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Santa Barbara vs. Boulder vs. Ann Arbor vs. Newark, DE

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I've gotten into the schools mentioned above (UMichigan, CU Boulder, U Delaware, UC Santa Barbara) for engineering PhD and would appreciate input about living (cost, quality of life, socialness, parking) from anyone who has attended these schools. Any input helps!

 

Thanks

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Boulder is an amazing place to live--it's beautiful and fun! BUT, that does mean it comes at a cost. It's really expensive to live here. However, I think it can be manageable if you have roommates and live a little further out from campus (the bus system here is incredible). In terms of parking, it is tough to find free parking in this town! Parking permits for campus cost around $70 a month. Let me know if you have any other questions :) and congrats! 

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I've heard Boulder is beautiful, but never been. Ann Arbor might be the cheapest to live in (not sure). Santa Barbara (Goleta, actually) would be the most expensive for housing, but not by too much. Boulder isn't cheap, and although Santa Barbara is quite expensive, Goleta isn't too bad by California standards (traffic is pretty light compared to LA/SF, too). But CA involves a lot of driving and gas is very expensive there. Parking is pretty easy at UDel and UCSB (but not free). I'd imagine socially, UCSB > Boulder > UMich/UDel. Perhaps you can be specific about your field, but it seems like UD is a notch below the other three, and UMich would be the most prestigious school on the list.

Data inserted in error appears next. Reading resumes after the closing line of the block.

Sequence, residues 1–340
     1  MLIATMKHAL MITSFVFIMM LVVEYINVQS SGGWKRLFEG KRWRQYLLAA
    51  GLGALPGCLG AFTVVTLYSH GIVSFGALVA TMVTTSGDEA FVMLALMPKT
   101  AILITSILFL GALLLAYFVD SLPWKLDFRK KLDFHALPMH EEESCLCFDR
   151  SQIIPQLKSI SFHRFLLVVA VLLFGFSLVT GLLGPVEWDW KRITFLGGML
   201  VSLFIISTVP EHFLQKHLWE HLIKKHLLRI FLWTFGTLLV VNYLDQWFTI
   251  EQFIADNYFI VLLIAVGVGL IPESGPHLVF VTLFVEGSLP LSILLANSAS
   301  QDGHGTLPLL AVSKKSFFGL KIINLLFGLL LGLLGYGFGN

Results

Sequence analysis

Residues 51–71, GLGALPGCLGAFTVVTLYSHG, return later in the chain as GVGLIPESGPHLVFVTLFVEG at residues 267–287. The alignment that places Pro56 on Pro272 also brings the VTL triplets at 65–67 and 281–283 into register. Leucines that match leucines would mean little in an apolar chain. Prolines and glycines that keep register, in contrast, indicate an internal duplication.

When people talk up UD's quality of life, they give pros of it being near so many great places (NY, Philadelphia, Baltimore, DC). Well maybe so, but Newark is pretty boring. Goleta isn't the biggest city in the world, but it's got great beaches and mountains. It's a few miles from Santa Barbara for some nightlife, and a couple hours from LA/Anaheim if you want a lot more to do. It's also a reasonable drive to San Diego, or even San Francisco. Boulder has Denver for more nightlife, but Colorado is pretty isolated. If you had 8 hours, you could probably drive to Salt Lake City or Albuquerque (which aren't the most exciting cities), but it's really far from everywhere.

But honestly, I think you should decide based on career opportunity, not social life. This isn't college. You can find things to do for fun.

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I'm a student at Delaware, and honestly, I really like it. If you're a city person, it may not be your speed, since it is a small town (plenty of bars, restaurants, college students, and strip malls, but that's about it downtown). However, it has everything I need, it's very safe, convenient, walkable, and affordable (no sales tax)! I know a lot of people in my program coming from places like NYC or London like to trash Newark, but it's just small. If you can handle small, it's great. There's no airport nearby (closest is Philly, about 40 minutes away), but lots of East Coast cities are within a day's drive, and the beach is just 90 minutes away!